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Which parts of pipelines are done using CPU and which are done using GPU?

Reading Wikipedia on Graphics Pipeline, maybe my question does not precisely represent what I am asking.

Referring to this question, which "steps" are done in CPU and which are done in GPU?

My question is more into which parts of logical high level steps needed to display terrain+3D models [from files] are using CPU/GPU instead of which functions.

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Possible duplicate: stackoverflow.com/questions/2713417/… –  Xavier Ho Jun 4 '10 at 7:52
@xavier Thanks! That's a great thread. –  Afriza N Arief Jun 4 '10 at 14:09

3 Answers 3

up vote 2 down vote accepted

Which parts of pipelines are done using CPU and which are done using GPU?

As far as I know...
It depends entirely on the hardware, driver and opengl implementation. Everything you can do in OpenGL, works, but you can't be 100% sure where processing happens - it is conveniently hidden from you (it is actually one of OpenGL benefits).
There are full-software OpenGL emulators, for example - mesa3d (non-certified). Put such opengl32.dll (if you're on windows) into your program folder, and everything will be running on CPU.

Typically, rasterization (last stage of pipeline - alpha-blend, putting pixel, ztest) is done in hardware. Get old videocard, and it is possible that the rest of functionality will run on CPU. Vertex transformations, vertex manipulations, and even standard lighting can be done on CPU (and they were done on CPU for a long time) - depending on videocard. However, I must admit that that videocards without hardware TL (transform and lighting) support are quite old. AFAIK, transformation and lighting is always performed on CPU if card only supports full hardware acceleration of DirectX 7 (windows-platform specific).

There may be platform dependent way to get videocard capabilities in openGL, though..

Side note: DirectX gives you more information about card capabilities, and a ways to control what happens where (i.e. you can choose software T&L even if videocard supports hardware acceleration - in some cases this may be necessarry). This comes with penalty - DirectX is less flexible than OpenGL, harder to use, harder to experiment with, it is available on less platforms than OpenGL, and worrying about which feature is supported and which isn't takes development time.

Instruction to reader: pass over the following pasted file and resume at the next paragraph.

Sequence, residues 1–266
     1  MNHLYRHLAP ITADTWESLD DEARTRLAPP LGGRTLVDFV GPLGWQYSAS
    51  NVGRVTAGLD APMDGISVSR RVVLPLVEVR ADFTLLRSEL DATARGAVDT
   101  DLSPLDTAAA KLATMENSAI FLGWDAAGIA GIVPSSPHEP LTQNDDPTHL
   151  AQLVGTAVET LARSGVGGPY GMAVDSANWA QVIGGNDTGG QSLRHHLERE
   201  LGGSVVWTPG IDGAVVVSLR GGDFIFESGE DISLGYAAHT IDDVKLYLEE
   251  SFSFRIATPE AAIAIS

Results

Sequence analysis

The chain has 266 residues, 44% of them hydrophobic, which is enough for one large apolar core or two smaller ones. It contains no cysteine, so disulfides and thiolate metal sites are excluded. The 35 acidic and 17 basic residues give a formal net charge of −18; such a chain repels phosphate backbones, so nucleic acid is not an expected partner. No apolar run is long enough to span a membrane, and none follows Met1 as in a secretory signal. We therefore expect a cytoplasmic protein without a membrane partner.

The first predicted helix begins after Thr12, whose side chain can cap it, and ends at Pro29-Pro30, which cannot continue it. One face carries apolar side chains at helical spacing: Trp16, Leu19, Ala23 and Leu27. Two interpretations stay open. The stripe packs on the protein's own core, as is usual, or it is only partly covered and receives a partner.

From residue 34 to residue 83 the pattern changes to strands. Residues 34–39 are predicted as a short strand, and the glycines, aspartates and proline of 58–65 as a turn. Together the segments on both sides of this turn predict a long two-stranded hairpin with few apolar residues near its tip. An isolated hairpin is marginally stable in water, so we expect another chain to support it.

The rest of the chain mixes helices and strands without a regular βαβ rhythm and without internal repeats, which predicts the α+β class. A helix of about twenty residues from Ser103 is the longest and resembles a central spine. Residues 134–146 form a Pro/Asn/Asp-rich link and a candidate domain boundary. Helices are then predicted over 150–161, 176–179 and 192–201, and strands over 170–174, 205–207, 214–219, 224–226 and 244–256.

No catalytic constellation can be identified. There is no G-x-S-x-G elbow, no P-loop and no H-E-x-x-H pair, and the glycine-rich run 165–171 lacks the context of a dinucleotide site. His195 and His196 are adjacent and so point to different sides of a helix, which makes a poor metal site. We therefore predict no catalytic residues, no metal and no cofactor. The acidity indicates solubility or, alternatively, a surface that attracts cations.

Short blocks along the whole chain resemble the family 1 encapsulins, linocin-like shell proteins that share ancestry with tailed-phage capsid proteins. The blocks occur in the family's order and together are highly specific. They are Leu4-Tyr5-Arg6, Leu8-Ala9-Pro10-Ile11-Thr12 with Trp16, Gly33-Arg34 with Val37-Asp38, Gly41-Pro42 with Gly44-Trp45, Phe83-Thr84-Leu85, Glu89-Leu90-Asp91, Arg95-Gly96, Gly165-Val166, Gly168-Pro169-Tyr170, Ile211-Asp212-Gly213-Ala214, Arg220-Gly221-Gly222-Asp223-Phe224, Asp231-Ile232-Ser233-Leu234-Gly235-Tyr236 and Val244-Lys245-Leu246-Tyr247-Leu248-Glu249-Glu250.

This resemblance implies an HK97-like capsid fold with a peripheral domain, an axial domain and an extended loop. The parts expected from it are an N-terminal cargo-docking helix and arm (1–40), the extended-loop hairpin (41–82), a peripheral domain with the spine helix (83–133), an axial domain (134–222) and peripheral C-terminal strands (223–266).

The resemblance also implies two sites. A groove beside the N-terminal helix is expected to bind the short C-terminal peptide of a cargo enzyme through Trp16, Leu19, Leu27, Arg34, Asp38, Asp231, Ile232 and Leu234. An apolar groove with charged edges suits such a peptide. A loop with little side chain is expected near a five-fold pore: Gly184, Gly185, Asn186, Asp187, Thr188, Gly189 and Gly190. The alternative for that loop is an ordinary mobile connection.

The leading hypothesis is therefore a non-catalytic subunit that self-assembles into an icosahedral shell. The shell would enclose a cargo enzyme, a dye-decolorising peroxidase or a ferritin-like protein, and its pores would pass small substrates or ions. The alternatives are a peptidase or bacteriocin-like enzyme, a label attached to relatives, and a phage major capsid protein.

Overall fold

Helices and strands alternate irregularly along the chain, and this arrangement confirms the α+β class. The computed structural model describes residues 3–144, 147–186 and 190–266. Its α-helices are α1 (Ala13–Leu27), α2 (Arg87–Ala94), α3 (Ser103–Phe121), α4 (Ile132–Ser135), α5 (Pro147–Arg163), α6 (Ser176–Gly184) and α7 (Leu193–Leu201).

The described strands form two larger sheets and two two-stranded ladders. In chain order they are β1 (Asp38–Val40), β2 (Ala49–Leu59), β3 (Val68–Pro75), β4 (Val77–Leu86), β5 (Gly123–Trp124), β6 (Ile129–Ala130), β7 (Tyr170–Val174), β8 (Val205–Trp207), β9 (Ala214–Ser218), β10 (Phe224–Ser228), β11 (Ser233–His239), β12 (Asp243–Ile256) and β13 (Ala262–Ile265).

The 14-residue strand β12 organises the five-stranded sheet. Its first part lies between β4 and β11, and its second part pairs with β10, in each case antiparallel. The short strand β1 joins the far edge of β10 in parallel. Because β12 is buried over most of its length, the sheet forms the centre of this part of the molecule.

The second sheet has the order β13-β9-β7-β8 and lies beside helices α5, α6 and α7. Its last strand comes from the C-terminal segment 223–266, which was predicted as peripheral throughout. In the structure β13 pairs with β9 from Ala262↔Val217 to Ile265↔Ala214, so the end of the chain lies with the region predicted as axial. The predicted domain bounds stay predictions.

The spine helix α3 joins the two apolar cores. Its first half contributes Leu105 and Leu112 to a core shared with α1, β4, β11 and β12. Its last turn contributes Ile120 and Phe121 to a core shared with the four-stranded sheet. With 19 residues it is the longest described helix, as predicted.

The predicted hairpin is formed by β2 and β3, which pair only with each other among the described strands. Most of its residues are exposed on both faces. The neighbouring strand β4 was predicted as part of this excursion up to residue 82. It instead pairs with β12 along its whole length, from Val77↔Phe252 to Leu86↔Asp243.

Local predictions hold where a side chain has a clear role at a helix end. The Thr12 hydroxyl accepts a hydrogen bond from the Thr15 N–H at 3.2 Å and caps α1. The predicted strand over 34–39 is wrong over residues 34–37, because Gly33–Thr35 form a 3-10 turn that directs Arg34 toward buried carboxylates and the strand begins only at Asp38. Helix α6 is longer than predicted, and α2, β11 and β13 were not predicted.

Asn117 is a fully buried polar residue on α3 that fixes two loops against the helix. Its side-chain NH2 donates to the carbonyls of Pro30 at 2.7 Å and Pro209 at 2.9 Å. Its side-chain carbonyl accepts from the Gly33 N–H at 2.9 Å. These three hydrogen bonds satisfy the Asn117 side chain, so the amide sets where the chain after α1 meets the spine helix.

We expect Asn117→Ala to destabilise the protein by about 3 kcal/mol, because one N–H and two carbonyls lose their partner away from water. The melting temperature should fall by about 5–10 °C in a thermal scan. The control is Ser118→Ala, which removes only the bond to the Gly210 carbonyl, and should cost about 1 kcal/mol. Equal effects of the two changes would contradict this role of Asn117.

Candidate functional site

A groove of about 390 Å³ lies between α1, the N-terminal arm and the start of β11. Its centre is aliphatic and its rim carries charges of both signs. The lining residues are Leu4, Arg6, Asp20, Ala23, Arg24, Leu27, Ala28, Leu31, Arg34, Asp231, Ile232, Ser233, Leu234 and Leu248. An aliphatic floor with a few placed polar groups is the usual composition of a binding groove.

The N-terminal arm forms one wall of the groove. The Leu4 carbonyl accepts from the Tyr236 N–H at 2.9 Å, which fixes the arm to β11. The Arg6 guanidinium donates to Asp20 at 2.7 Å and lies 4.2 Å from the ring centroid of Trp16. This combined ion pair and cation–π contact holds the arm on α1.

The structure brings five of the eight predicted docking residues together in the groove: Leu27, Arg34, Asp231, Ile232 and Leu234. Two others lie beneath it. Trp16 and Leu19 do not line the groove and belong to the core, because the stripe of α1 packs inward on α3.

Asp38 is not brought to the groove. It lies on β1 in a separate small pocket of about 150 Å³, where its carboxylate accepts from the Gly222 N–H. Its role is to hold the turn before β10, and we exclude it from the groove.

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The answer depends on what GPU (since they differ in HW capabilities, specially in integrated ones), but on modern non-integrated GPUs, the entire pipeline is implemented in HW. This includes culling, z-sort and occlusion.

Integrated chipsets, such as Intel's, have less HW features, for example, they usually do tranformation & lighting using software.

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Please don't downvote valid answers. –  Xavier Ho Jun 4 '10 at 22:55
modern integrated chipsets can do T&L (aka vertex processing) in hardware too. –  Bahbar Jun 6 '10 at 9:28

It depends a lot on the system configuration, at least the CPU has to issue the commands to the GPU (send vertices lists, upload textures, etc.), and the GPU usually does all the geometric transformations, texture mappings, lighting, etc.

But in many cases, part of the work that the GPU should be doing might be done by the CPU if the hardware doesn't support certain features.

If you're using a 3D engine, it might also do some pre-optimizations on the CPU to alleviate the number of triangles that the GPU has to process, like discarding beforehand parts of the geometry that are known to be hidden (by using BSP's like IdTech engines or Portals like Unreal Engine, for example).

Things like moving and rotating the meshes of the models (e.g. the walking animations) are usually done in the CPU, but nowadays I guess the trend would be to HW accelerate them too.

Regarding the wikipedia link, all the steps mentioned there are usually done in the GPU, but is up to the software running in the CPU to decide what polygons are going to be sent for processing (even if they are discarded by the GPU later on because they're hidden or out of the viewing frustrum).

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